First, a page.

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Dokkaebi patterned tiles from Oe-ri, Buyeo dating back to the Baekje period[1]
Korean name
Revised RomanizationDokkaebi

Dokkaebi (Korean: 도깨비) are legendary creatures from Korean mythology and folklore. Dokkaebi, also known as "Korean goblins",[2][3] are nature deities or spirits possessing extraordinary powers and abilities that are used to interact with humans, at times playing tricks on them and at times helping them.[4] Legends describe different dokkaebi in many forms and beings with a thousand faces, and dokkaebi often wear hanbok.


The earliest known documentation of dokkaebi is in the Silla-era tale of "Lady Dohwa and Bachelor Bihyeong" from the Memorabilia of the Three Kingdoms compiled during the Goryeo period. Dokkaebi are featured in many folk tale anthologies compiled during the Joseon period.[5]


Dokkaebi are different from ghosts, called gwishin (귀신) in Korean, in that they are not formed by the death of a human being, but rather by the spiritual possession of an inanimate object such as old discarded household tools like brooms, or objects stained with human blood.[4]

The physical appearance of the dokkaebi is presented in many different ways and has varied by different time periods, but they have always been depicted as fearsome and awe-inspiring. The most common depiction of them is based on ancient roof tiles with dokkaebi patterns.[4][6]

Different versions of the dokkaebi mythology assign different attributes to them. In some cases, they are considered harmless but nevertheless mischievous, usually playing pranks on people or challenging wayward travelers to a ssireum (Korean wrestling) match for the right to pass. Dokkaebi are extremely skilled at wrestling and cannot be beaten unless their right side is exploited. In other tales, dokkaebi only have one leg, so one should hook their leg and push them to win.[citation needed]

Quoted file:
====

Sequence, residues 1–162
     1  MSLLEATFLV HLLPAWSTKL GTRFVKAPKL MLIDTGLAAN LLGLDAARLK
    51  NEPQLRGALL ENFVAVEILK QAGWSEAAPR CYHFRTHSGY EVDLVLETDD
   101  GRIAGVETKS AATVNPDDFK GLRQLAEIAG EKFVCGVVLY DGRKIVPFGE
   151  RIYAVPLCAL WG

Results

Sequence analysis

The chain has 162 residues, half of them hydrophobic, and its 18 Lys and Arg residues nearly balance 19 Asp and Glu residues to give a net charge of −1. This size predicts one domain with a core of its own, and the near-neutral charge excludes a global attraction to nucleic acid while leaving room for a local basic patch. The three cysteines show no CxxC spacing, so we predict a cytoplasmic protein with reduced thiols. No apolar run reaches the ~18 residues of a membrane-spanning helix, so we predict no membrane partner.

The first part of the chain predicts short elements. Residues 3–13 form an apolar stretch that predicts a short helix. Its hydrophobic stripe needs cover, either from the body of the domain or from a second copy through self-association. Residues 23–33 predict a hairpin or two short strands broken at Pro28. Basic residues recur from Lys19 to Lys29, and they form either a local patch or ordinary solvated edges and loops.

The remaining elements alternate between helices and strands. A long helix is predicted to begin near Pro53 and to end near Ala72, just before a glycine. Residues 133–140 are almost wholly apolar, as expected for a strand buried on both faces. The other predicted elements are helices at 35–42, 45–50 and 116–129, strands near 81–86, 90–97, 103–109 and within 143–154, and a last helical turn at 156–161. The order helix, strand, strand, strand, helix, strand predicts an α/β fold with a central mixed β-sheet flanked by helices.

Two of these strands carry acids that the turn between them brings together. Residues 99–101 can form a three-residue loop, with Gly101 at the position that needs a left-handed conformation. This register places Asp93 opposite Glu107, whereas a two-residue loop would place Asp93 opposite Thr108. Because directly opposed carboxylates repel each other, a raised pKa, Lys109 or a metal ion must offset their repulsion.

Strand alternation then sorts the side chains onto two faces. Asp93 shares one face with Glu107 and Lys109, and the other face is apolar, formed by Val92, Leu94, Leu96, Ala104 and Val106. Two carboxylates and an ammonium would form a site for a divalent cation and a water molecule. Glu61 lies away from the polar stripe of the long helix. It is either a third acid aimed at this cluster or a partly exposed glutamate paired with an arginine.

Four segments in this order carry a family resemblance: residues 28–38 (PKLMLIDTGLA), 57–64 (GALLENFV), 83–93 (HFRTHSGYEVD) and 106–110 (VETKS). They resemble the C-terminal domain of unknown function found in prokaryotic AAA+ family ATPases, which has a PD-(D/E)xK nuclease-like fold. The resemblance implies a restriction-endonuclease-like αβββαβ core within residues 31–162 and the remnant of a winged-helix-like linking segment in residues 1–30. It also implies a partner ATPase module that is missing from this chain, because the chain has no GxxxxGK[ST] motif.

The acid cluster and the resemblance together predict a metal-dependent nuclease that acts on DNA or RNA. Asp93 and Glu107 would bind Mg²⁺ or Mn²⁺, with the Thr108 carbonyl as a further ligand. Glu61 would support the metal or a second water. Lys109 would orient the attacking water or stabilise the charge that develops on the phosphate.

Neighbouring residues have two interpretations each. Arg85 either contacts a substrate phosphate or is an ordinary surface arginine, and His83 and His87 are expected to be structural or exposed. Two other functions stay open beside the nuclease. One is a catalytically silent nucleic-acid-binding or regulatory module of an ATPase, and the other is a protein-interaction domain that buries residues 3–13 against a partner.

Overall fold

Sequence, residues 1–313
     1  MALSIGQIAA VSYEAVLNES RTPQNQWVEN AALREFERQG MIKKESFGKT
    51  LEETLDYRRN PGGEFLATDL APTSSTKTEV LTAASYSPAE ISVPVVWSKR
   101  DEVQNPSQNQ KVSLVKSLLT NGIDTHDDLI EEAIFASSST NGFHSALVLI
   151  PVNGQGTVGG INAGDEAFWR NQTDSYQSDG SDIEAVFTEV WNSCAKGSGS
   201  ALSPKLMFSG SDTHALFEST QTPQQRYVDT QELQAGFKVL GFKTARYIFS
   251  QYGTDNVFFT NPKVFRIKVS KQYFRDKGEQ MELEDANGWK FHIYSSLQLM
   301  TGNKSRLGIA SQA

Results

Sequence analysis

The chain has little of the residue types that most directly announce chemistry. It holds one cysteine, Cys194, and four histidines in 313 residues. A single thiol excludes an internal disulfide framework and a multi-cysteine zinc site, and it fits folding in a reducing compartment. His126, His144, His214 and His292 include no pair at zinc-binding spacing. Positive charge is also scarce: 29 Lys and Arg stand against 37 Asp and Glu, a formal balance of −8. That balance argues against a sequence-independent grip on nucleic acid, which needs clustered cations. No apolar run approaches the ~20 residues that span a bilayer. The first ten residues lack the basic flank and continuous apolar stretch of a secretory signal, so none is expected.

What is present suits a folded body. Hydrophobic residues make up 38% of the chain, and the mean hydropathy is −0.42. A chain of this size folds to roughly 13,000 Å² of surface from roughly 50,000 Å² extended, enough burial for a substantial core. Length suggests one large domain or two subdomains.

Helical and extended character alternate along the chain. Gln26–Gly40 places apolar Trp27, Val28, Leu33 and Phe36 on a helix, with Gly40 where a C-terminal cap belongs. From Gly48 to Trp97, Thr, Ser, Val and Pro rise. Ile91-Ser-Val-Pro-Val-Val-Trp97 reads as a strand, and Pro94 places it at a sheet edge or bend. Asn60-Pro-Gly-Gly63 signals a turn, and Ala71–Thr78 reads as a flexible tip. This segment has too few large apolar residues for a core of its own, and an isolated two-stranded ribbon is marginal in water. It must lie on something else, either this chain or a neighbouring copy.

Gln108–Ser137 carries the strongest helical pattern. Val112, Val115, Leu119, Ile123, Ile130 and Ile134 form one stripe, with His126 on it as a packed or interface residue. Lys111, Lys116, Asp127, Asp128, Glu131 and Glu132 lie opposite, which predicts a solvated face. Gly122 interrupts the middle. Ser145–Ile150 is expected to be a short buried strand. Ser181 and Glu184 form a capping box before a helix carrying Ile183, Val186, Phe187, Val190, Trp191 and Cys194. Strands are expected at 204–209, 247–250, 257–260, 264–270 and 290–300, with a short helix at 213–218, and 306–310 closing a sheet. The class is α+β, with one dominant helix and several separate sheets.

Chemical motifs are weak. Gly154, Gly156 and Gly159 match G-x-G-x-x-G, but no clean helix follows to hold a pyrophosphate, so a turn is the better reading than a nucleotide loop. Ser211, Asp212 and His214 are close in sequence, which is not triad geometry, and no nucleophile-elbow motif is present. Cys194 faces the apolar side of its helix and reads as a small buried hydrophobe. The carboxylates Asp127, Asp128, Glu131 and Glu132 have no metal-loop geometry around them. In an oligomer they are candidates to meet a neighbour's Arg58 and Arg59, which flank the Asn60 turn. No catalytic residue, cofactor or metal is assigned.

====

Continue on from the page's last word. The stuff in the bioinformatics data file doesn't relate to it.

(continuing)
Dokkaebi fire is a glimmering light or tall blue flames that herald the appearance of dokkaebi.[7]

Dokkaebi possess magical items, such as the dokkaebi hat called the dokkaebi gamtu (도깨비 감투), which grants the wearer the ability of invisibility, and the dokkaebi magic club called the dokkaebi bangmangi (도깨비 방망이), which can summon things and act functionally as a magic wand.[7] Dokkaebi like Buckwheat jelly, Sorghum and red bean rice cakes, mashed Sorghum and the drinks. So in dokkaebi gosa (Hangul: 도깨비 고사), there are foods which Dokkaebi like.[citation needed]

Traditional Practices[edit]

It is believed that dokkaebi have immense supernatural powers, can bring good harvests, big catches and great fortunes to humans, and are defenders against evil spirits. Depending on the region's traditional folklore, some traditional practices are held to appeal to dokkaebi to bring good luck to humans[4] and other practices are done to chase away dokkaebi, who are thought to be the causes of bad luck that brings fires and contagious diseases.[8] In Jeju Island, the Durin-gut healing ceremony for mental illnesses is said to drive away the dokkaebi from the patient, similar to driving away the bad energy from a person.


Many Korean legends have Dokkaebi featured in them. In several, Dokkaebi play pranks on mortals or punish them because of their evil deeds. One such tale describes an old man who lived alone on a mountain. One day, a Dokkaebi visited his house. Surprised, the kind old man gave the Dokkaebi an alcoholic beverage and they become friends. The Dokkaebi visited the old man often and they had long conversations together, but one day, the man took a walk by himself in the woods near the river. He discovered that his reflection looked like the Dokkaebi. He fear, and realized that he was gradually becoming that creature. The man made a plan to prevent himself from becoming a Dokkaebi and invited the creature to his house. He asked, "What are you most afraid of?" and the Dokkaebi answered, "I'm afraid of blood. What are you afraid of?" The man pretended to be frightened and said, "I'm afraid of money. That's why I live in the mountains by myself." The next day, the old man killed a cow and poured its blood all over his house. The Dokkaebi, with shock and great anger, ran away and said, "I'll be back with your greatest fear!" The next day, the Dokkaebi brought bags of money and threw it to the old man. After that, Dokkaebi never came back and the old man became the richest person in the town.


Although Dokkaebis have no actual form, some people divide them into types. These are some common types:

  • Cham dokkaebi (Korean: 참도깨비; literally really dokkaebi): A mischievous dokkaebi. Contrast with gae dokkaebi.